[dropcap]N[/dropcap]orthern Kenya continues to grapple with numerous environmental challenges, owing to the interference with the Ewaso Nyiro River ecosystem. The river is the single most important source of water in the region, supporting a population of more than 3.5 million people.
Over abstraction of water and unchecked sand harvesting, in addition to land degradation, have rendered livestock rearing unsustainable in the long run. This is particularly the case given that droughts have become more frequent, unpredictable and lasts longer.
Then there is the problem posed by such invasive plants such as the cactus opuntia and the acacia raficiens species, which are taking up large tracts of grazing fields, compounding further the already difficult situation facing pastoral communities in the region.
But in order to adapt to the new environmental realities, these communities have been left with little option but adopt a more settled lifestyle. The consequence of which is the inevitable breaking down of socio-cultural norms passed down from generation to generation.
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Perhaps the most glaring aspect of this cultural shift appears to be taking place among the women. They are now acquiring land, something which was unheard-of a few years back, not least in a pastoral and patriarchal community as the Maasai. They are pooling financial resources and acquiring land to start small projects like poultry farming and beekeeping, with expert support from local organisations.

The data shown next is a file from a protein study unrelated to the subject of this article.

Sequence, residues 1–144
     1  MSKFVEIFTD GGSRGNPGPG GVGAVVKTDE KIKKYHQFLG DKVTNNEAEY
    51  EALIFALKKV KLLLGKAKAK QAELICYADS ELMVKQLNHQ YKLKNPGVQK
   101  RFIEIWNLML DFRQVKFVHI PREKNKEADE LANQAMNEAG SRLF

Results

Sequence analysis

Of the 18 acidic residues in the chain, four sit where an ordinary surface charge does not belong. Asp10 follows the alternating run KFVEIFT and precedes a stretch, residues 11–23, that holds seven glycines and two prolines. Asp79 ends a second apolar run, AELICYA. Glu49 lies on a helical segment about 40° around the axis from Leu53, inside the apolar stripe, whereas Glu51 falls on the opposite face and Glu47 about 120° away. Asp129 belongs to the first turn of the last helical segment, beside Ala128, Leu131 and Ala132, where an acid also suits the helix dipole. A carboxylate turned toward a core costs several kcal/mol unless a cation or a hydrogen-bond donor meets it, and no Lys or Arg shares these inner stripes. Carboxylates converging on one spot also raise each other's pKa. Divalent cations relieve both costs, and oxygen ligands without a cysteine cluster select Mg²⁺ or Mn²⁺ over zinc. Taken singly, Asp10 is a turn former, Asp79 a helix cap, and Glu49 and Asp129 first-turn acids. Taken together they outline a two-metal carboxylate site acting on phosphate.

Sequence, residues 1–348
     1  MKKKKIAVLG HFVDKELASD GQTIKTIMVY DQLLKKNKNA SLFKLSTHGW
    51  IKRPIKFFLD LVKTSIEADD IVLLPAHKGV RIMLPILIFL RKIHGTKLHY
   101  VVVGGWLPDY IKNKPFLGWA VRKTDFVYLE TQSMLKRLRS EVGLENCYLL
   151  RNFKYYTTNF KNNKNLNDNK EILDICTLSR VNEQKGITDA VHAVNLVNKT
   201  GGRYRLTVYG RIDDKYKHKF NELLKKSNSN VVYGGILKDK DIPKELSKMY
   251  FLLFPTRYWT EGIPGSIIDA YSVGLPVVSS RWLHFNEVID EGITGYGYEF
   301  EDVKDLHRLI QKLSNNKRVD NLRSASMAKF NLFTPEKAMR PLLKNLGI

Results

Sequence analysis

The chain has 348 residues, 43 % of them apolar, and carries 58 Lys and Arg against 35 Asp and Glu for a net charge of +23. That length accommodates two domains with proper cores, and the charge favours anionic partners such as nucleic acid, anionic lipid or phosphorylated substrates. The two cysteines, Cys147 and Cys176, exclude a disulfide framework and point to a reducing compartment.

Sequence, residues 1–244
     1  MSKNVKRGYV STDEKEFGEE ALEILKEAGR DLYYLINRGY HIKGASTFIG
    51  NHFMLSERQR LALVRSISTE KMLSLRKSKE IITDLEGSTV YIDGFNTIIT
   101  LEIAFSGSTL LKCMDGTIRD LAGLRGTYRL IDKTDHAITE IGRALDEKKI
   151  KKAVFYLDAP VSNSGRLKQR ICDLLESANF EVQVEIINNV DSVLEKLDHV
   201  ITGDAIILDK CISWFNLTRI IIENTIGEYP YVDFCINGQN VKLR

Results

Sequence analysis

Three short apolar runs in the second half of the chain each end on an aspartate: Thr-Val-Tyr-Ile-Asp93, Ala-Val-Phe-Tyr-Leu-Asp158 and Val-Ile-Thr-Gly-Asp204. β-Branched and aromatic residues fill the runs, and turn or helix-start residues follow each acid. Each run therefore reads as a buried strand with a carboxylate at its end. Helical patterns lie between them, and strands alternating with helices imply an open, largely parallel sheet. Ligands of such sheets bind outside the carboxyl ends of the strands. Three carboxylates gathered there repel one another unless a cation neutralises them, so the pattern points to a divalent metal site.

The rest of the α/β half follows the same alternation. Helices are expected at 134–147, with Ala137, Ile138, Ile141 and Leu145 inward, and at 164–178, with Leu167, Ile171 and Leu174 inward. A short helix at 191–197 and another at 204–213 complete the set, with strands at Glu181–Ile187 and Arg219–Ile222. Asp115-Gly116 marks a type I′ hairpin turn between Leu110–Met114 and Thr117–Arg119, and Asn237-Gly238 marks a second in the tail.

This is what is happening in the far-flung Osukoroi Village of Laikipia County, a four-hour drive, north of Nairobi, Kenya’s capital city.
Margaret Siole, the chairperson of the village group explains that livestock rearing has become a difficult practice, given the drought situation affecting the region. They had to look for alternative livelihood sources to make ends meet. Four years ago, they started as a very small group of 25 women and five men. They are currently 38 members. Each contributed Ksh3,000 ($30) to the group’s kitty, which they set aside for a project that would benefit members as well as the community.
“At the beginning, one of our members donated a small portion of land for growing aloe vera, from which we made hand and body lotion for sale,” she says.
Then they saw the need to increase contribution to KS5,000 ($50), which enabled them purchase a nine-acre plot of land. Their intended long-term use of this piece of land is to put a conference facility for hire, grow horticultural crops under greenhouses and start dairy farming. But first, they need to surround it with an electric fence to ward off elephants, according to Siole.
In the meantime, however, they have started with poultry, with the help of the Indigenous Movement for Peace Advancement and Conflict Transformation (IMPACT). This organisation that works with indigenous, marginalised groups – especially pastoralists – in areas of land rights and historical land injustices.
They have partnered with the Catholic Organisation for Relief and Development Aid (CORDAID) – a Dutch aid body – to promote resilience and climate smart approach to livelihoods, targeting marginalised groups, especially women in this region.
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The aid organisation provides funding for projects, while IMPACT implements them. This involves training women on new livelihood streams such us poultry farming or beekeeping. The group received 92 chickens and a 90kg chicken feed donated to them under this joint effort, to start them off. “We are now realising that poultry farming can be more profitable than rearing livestock,” says Jane Ntunyoi a group member.
However, one of the biggest challenges facing them, according to Ntunyoi, is poultry diseases. “We have always grown around livestock, so we know all we need to know when it comes to treating them, but poultry farming is relatively new to us and we are not familiar with their diseases,” she says.
This is where a group like IMPACT comes in, according to David Silakan, the Programme Coordinator at IMPACT.